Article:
Category: illustrations

Blog Archives

Missale Romanum, 1701

We're always making new discoveries in Special Collections, and this is one exciting find.  This Roman missal was published by the Plantin-Moretus Press in 1701.  It's bound in red velvet with silver clasps and decorations, gilt edges, leather tabs, and red silk bookmarks.  The text is printed throughout in red and black, and there are amazing engravings after works by Rubens. Interestingly, the name of a previous owner is engraved on one of the clasps: "HAC Defresne Possessor – 1817."

There are six copies in WorldCat.  Three, including ours, are in North America (two in the United States, and one in Canada).  The others are in the Netherlands. 

IMG_0011

IMG_0012

IMG_0013

IMG_0015

IMG_0008

IMG_0010

Find it in the MERLIN catalog.

Tagged with: , , , ,
Posted in Rare Book Collection

Spring brings things

The adult form of a privet hawk

Print 3 (detail)

And spring things bring people who collect them –naturalists and artists such as Maria Sibylla Merian (1647-1717), the first to hitch entomology to fine art and to make a living doing so. Her interests were not limited to European species; she spent two years stalking the insects of Surinam, a colony the Dutch had acquired from the English in exchange for Manhattan about thirty years earlier. She devoted an equal amount of attention to giant flying roaches as to seemlier species, but there is no question that she had a special passion for caterpillars.

Print 7

Merian’s interest in metamorphosis led her to develop a new form of composition. She would depict a single species at each distinct phase simultaneously. She arranged these in a composition on and around the plant that formed its principal food source. In the image on the left several saw-fly specimens pose on a tulip. The caterpillar sits atop a gooseberry at the bottom center, while the adult fly prepares to land on a petal at the top right. In between on a stem and leaf are the pupa and larva. As Ella Reitsma, curator of a recent exhibit, observes about Merian’s work, “In the details the drawing is realistic; as a whole it is anything but. The beautifully balanced composition conjures up a seeming realism, for the successive stages in the development of an insect can never be found together!  Tricks have been played with time and place” (15)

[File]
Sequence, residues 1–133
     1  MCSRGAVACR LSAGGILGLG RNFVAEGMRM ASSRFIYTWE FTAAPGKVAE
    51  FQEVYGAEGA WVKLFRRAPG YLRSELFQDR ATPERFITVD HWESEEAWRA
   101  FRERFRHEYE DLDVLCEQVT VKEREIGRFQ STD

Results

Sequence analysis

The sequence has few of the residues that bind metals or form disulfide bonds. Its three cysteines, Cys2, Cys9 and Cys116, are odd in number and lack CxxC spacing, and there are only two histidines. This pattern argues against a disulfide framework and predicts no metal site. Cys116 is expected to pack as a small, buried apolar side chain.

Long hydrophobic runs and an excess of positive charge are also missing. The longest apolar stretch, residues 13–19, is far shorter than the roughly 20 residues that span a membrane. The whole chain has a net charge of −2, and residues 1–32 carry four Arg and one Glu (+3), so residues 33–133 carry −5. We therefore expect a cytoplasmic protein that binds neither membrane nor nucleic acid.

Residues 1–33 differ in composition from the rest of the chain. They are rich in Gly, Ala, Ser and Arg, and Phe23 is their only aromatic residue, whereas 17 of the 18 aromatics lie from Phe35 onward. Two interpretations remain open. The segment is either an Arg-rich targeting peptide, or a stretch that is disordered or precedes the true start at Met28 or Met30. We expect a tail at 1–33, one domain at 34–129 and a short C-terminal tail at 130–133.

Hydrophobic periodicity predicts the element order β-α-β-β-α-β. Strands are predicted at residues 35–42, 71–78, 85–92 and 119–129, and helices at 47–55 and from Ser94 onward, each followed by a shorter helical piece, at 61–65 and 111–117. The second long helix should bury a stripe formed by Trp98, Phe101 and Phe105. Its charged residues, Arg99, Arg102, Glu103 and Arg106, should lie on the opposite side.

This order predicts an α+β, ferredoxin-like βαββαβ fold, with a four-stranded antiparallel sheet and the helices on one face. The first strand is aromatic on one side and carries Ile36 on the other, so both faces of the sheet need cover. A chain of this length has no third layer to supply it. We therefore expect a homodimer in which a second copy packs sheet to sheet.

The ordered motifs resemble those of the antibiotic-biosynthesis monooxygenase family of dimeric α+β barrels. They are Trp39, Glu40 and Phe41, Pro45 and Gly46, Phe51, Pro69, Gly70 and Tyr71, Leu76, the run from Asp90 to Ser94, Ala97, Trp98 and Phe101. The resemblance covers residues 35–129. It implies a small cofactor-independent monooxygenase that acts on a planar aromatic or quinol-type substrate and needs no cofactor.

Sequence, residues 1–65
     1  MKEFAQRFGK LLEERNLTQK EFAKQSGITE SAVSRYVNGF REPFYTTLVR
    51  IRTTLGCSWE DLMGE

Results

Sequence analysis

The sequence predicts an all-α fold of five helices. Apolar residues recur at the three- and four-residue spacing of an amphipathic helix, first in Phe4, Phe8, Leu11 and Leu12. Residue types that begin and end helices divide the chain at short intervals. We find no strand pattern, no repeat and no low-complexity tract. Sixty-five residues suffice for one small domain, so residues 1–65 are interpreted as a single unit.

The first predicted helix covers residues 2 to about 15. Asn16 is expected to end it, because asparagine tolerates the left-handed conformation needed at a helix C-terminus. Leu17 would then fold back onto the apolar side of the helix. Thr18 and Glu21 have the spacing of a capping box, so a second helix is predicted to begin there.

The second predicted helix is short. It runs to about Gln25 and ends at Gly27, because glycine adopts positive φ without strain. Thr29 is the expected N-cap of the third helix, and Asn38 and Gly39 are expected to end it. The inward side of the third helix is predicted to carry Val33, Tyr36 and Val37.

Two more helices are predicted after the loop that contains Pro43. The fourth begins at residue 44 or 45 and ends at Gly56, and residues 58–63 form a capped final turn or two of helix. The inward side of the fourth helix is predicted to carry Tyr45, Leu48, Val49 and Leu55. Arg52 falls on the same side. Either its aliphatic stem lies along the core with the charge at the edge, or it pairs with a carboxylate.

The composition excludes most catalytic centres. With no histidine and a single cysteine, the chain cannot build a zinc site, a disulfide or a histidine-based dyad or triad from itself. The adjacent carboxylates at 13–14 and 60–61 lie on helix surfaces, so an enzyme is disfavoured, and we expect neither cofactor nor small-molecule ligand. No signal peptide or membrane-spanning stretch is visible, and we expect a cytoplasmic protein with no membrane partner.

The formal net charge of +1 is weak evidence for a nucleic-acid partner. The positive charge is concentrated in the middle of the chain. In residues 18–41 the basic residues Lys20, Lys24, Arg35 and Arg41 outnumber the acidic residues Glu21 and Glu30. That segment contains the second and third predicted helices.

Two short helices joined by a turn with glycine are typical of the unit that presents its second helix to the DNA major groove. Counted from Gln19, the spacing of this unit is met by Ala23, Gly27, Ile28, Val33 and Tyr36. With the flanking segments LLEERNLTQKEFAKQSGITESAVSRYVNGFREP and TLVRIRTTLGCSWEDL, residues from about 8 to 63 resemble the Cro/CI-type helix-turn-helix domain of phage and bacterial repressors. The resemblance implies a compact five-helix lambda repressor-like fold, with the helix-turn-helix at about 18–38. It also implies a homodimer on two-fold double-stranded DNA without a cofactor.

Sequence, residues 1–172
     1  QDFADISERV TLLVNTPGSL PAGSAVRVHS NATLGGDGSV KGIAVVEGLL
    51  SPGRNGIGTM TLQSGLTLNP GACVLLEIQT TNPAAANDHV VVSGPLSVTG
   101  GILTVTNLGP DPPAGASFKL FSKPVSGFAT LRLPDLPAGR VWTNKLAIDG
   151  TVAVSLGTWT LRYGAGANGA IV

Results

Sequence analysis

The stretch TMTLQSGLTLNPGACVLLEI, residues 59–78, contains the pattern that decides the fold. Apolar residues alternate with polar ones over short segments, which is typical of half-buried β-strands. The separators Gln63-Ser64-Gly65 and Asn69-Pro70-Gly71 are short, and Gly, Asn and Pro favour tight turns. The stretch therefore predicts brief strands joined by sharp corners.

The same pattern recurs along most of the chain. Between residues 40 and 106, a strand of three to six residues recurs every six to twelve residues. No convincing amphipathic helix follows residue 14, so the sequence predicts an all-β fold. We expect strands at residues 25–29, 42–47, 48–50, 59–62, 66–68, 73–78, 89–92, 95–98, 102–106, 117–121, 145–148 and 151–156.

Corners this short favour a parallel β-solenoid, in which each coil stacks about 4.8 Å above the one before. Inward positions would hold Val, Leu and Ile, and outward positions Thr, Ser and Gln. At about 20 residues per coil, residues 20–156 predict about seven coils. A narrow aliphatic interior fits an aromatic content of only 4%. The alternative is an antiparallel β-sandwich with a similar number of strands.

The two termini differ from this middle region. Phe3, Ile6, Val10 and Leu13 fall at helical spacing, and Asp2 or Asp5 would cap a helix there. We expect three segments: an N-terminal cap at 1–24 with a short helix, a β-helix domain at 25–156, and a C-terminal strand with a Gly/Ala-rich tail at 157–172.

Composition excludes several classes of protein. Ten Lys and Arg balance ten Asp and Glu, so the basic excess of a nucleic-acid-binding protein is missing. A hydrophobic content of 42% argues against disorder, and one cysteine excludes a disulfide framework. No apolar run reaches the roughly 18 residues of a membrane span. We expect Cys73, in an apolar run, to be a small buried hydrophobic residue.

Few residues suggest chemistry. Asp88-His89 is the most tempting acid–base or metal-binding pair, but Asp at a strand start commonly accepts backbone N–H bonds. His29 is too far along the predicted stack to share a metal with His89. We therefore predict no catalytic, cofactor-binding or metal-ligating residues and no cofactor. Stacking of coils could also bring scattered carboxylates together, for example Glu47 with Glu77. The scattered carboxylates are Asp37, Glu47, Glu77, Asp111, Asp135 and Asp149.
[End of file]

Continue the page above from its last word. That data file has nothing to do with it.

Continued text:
A saw-fly at caterpillar stage on a gooseberry

Print 7 (detail)

 

Heliconiidae on Palma Christi

Print 46

Despite such innovation, Merian’s work languished for a long time under the misnomer “minor art.’ It has only recently come into its own, with exhibitions in Los Angeles and Amsterdam, and a digital exhibit hosted by The Dumbarton Oaks Research Library Rare Book Collection. She is even the subject of a children’s book. Ingrid Rowland notes her “crystalline accuracy, ” “incomparable precision,” and the “electric intensity” of her color. She asserts, “there is no question that she was an artist. Her disquieting view of life in all its forms has carefully, cleverly shaped every one of the images that seem, so deceptively, to present intimate, dispassionate snapshots of reality.”

Pervading her works is a healthy Aristotelian sense that something must be known in all its variousness. Working alongside this cognitive disposition and perhaps encouraging it was a habit that she shared with many contemporaries: collecting. Her life-like compositions conceal the artificial taxonomizing and categorizing that lie behind them, making it appear as if she had discovered, rather than created the scene depicted.

These are qualities that Peter the Great evidently appreciated; he was an avid collector of her work, much of which remains in the Russian Academy of Sciences in St. Petersburg. In 1974  The Leningrad Watercolours is a facsimile edition featuring fifty of the works housed there. It is a large-format edition limited to 1750 copies.  Several prints from the collection  are available to view in our reading room. The entire collection collection (RARE QH31 .M4516 .A34 1974) is also available to consult.